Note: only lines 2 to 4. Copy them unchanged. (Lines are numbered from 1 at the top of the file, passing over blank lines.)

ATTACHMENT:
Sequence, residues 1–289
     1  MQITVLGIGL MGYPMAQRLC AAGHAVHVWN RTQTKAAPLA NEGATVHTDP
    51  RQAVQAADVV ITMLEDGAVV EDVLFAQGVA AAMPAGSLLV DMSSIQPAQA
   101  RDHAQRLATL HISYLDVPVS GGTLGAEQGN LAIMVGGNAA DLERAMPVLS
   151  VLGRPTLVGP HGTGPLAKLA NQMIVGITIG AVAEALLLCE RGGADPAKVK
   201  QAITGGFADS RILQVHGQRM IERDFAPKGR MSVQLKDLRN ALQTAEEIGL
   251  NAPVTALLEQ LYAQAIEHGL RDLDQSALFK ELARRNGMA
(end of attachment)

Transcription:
     1  MQITVLGIGL MGYPMAQRLC AAGHAVHVWN RTQTKAAPLA NEGATVHTDP
    51  RQAVQAADVV ITMLEDGAVV EDVLFAQGVA AAMPAGSLLV DMSSIQPAQA
   101  RDHAQRLATL HISYLDVPVS GGTLGAEQGN LAIMVGGNAA DLERAMPVLS